8.0

Fort Bliss

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<i>Fort Bliss</i>

Michelle Monaghan, who’s played second fiddle in such projects as Gone Baby Gone and True Detective, gets the chance to steer her own star-making vehicle with Fort Bliss—and her performance is nothing short of masterful. The film is pretty much the perfect opportunity too, as it’s one hell of a character study: Monaghan plays a U.S. Army medic finally home from war, riddled with all the complications and adjustments that transition necessitates. Comparisons to The Hurt Locker abound, though they aren’t inappropriate: take that film’s sentiment and shift the gender POV, moving the action predominantly state-side, and you’ve got a picture that would make Kathryn Bigelow proud.

In the Middle East, Monaghan’s Maggie Swann is a can-do staff sergeant riding around in Humvees, pulling shrapnel from wounded soldiers and firing back in dogfights. Back home, she’s got custody of her five-year-old son Paul (Oakes Fegley), but she hasn’t seen him in over a year and a half, during which he’s become attached to Alma (Emmanuelle Chirqui), his father’s new girlfriend. The film isn’t shy about drawing a very stark debate: which is the true Hell, war or, in the case of Swann’s divorce from Paul’s father, marriage?

Through tantrums and withdrawal, Paul lets his mother know he’s none too pleased with his current situation back in Maggie’s care, constantly comparing her maternal losses to Alma’s wins. Then, with discharge imminent, though protocol has her regularly checking in at the titular base (a real base in Texas), Maggie does the unthinkable and re-enlists. It’s a hard sell given her situation, but then again, like Jeremy Renner’s bomb tech in Hurt Locker, dislocation from society is understandable. Couple that with her inability to connect to her son, and it becomes obvious that her drive to feel effective and needed will inevitably lead her back to the front.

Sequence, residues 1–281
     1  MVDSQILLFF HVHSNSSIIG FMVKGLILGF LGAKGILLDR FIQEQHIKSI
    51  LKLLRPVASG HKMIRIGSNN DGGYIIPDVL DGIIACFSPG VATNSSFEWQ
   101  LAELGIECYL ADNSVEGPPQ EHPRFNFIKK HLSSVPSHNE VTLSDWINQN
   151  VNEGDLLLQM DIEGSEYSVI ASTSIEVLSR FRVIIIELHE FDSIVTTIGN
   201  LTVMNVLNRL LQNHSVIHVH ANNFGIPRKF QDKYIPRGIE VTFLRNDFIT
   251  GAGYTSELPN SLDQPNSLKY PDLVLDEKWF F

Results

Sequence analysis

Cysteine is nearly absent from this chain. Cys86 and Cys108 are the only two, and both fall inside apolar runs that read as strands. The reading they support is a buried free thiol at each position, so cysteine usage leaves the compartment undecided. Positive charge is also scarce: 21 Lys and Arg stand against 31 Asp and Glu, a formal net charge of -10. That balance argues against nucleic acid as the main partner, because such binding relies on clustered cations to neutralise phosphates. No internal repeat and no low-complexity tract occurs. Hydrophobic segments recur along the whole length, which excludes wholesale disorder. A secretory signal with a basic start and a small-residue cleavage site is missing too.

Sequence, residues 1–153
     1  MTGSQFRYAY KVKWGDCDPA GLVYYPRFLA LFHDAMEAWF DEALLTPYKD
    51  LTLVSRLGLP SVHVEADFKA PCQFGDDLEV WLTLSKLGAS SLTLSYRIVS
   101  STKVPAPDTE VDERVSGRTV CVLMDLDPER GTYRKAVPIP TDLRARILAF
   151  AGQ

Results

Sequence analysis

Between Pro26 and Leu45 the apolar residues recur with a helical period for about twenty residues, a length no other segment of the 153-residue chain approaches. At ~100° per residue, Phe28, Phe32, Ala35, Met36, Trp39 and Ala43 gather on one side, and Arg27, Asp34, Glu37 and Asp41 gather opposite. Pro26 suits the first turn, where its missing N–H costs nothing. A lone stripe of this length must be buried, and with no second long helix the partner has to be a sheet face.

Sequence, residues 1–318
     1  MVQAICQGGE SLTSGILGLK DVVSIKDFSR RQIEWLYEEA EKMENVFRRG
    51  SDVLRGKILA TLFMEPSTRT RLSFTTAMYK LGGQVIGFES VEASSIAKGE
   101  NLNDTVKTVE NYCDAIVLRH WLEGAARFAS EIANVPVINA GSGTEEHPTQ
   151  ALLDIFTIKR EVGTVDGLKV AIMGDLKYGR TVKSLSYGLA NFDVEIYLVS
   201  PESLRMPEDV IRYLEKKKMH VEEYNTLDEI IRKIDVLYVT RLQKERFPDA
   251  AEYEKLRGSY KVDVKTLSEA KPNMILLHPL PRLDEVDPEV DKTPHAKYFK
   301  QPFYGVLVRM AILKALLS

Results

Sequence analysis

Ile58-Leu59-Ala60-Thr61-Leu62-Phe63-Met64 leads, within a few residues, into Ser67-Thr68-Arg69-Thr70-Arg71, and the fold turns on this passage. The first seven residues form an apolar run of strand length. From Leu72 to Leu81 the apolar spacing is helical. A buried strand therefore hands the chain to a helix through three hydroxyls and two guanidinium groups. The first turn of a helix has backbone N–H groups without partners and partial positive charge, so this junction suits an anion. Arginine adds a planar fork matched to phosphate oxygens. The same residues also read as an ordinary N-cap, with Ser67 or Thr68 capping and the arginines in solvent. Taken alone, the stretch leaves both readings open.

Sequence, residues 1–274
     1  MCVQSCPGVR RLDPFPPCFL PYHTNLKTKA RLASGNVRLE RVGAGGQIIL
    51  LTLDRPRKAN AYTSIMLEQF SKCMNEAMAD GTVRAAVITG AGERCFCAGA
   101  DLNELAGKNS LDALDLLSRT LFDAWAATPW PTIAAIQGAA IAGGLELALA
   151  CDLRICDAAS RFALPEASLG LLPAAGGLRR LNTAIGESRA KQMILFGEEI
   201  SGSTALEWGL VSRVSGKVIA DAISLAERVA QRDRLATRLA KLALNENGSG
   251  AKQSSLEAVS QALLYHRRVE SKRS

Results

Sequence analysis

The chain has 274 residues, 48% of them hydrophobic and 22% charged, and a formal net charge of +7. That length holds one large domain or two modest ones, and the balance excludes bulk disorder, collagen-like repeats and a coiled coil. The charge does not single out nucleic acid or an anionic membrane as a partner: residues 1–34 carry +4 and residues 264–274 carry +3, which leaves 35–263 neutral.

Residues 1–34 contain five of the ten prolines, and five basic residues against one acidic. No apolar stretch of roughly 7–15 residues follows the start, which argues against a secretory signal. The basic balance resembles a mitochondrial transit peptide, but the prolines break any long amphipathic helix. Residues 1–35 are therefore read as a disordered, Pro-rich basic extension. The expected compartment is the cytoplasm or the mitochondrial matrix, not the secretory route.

It’s also at this time that Maggie becomes involved with an immigrant mechanic (Manolo Cardona) clinging to a green card. Thankfully, politics involving immigration commingling with popular prejudice about the wars in the Middle East don’t rear their heads with any heavy hand. The issues are there, because they just…are, but the tale, written and directed by Meyers, instead sets its sites on the all too human drama of what happens when people who are fiercely loyal, who devote themselves to following orders, are confronted with finally shaping their own destinies.

Maggie is a compelling character on her own; it’s the development of some side characters, supposedly Maggie’s emotional ballasts, which wound Fort Bliss. Like Paul, who is mostly positioned as an emotional prop. The film’s true focus is in Maggie’s relationship with full-grown men, both in the field and in the bed, which reveal the side of Maggie inaccessible to the personnel to whom she pledges allegiance. For example, Maggie’s uneasy relationship with her ex, Richard (the eternally under-appreciated Ron Livingston), exhibits a chemistry of deep-seated conflict, is achingly real, everyday and disturbingly palpable in ways that speak of years of discontent.

Though Meyers has only helmed one other film, 2006’sKettle of Fish, given the seeds of insight sown throughout Fort Bliss and her obvious penchant to probe without being overwrought, she’s clearly a talent who bears wisdom and patience behind her vision. Be it Monaghan’s performance or Meyers’s confidence, Fort Bliss is a sure sign that this director used the near decade between films to hone her craft immeasurably.

Director: Claudia Meyers
Writer: Claudia Meyers
Starring: Michelle Monaghan, John Savage, Oakes Fegley, Emmanuelle Chirqui, Manolo Cardona, Ron Livingston
Release Date: Sept. 19, 2014

Tom Meek is a writer living in Cambridge, MA. His reviews, essays, short stories and articles have appeared in The Boston Phoenix, The Rumpus, Thieves Jargon, Charleston City Paper and SLAB. Tom is also a member of the Boston Society of Film Critics and rides his bike everywhere. You can follow him on Twitter.

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